Democratic legislators in New Jersey constantly criticize Gov. Chris Christie for his frequent out-of-state presidential campaign trips, claiming that his absence means things aren't getting done in Trenton.

The Assembly Chambers at the Statehouse (Governor's Office/Tim Larsen)

Talking about a variety of stalled GOP-sponsored tax reform measures at a recent State House press conference, Assembly Republican Leader Jon Bramnick (R-Westfield) was asked if the governor’s long absences had anything to do with several bills being stuck in neutral.

“Democrats stopped cooperating with Chris Christie,” Bramnick said. “The question to Democrats is: Why don’t you pass the reform bills? Do you need Gov. Christie to hold your hand? Does he have to come down to the senate chamber, the assembly chamber and say, ‘Please pass the bills?’ They’re in charge. Do your job.”

The Republicans continue their push to pass bills to further public employees’ pension reforms and eliminate big end-of-career payouts to public workers for their unused sick and vacation days among other things.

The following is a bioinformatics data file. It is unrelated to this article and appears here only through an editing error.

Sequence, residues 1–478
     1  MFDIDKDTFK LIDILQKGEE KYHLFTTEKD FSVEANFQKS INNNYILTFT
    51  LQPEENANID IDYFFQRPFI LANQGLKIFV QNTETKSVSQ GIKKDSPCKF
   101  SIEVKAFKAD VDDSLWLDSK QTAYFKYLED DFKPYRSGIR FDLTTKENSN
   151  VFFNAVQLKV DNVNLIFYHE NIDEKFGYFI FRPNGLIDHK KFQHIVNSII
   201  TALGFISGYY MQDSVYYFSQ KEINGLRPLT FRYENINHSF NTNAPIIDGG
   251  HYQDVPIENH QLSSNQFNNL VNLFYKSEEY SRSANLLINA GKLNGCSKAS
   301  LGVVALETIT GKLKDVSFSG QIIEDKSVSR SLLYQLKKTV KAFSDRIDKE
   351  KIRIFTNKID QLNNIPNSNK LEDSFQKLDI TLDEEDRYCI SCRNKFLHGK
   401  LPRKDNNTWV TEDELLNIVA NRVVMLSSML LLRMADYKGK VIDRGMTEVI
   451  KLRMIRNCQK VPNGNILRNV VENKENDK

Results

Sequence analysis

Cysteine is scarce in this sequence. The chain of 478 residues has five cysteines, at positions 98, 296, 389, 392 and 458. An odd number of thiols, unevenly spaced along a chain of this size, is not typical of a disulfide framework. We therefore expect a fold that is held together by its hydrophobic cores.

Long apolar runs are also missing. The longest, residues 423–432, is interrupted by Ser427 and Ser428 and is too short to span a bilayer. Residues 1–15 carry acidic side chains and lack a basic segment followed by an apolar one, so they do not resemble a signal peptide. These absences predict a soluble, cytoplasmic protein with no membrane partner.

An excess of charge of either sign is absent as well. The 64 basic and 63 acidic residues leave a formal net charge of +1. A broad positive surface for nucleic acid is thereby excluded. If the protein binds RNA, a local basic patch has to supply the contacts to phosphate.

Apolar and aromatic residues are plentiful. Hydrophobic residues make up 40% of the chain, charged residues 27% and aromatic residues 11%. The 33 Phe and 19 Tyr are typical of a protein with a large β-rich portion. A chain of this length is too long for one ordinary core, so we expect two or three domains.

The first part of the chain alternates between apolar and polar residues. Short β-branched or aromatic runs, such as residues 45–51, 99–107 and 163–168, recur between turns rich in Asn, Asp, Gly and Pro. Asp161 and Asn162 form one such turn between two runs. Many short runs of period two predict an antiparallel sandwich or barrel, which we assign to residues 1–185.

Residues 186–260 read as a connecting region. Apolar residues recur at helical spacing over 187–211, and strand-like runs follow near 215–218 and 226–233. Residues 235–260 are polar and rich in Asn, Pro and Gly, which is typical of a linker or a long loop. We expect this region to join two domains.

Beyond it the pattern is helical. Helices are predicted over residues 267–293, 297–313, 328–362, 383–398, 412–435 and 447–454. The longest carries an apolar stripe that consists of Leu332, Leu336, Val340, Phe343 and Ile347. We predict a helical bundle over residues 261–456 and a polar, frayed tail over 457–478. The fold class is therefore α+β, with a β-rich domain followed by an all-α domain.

“He (Christie) could be on the moon. That wouldn’t stop the speaker or the Senate President from passing the reform bills,” Bramnick said.

In a phone interview, Assembly Speaker Vinnie Prieto (D-Secaucus) reminded people several times that Democrats were the ones who stay in New Jersey and do their jobs.

At an Oct. 28 press conference, Senate President Steve Sweeney (D-Thorofare) said he hadn’t spoken with Christie in months and said it was difficult to reach agreements on tough issues when you can’t look the governor in the eye.

The ranking Republican on the Assembly Budget Committee dismissed the Democrats’ complaints.

“Bring these ideas to the floor,” said Assemblyman Declan O’Scanlon (R-Red Bank). “You don’t need the governor for that. That is a complete abdication of their role and responsibility to even remotely suggest that Gov. Christie’s presence or absence physically has anything to do with this. That’s garbage.”

A Monmouth University poll released July 2, just two days after Christie formally launched his presidential run, revealed that 76 percent of New Jersey residents felt the governor was more concerned about his own political future than he was with governing the state.